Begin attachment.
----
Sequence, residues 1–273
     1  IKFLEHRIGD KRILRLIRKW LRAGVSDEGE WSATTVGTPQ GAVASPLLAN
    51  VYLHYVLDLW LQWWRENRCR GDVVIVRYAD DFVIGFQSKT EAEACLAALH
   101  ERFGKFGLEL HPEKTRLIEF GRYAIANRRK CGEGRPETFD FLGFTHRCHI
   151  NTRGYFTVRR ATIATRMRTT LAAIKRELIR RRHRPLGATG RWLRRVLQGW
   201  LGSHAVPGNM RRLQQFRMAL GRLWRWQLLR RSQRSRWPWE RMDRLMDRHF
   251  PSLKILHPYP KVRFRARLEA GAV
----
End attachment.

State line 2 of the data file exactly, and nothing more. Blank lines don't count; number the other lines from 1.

     1  IKFLEHRIGD KRILRLIRKW LRAGVSDEGE WSATTVGTPQ GAVASPLLAN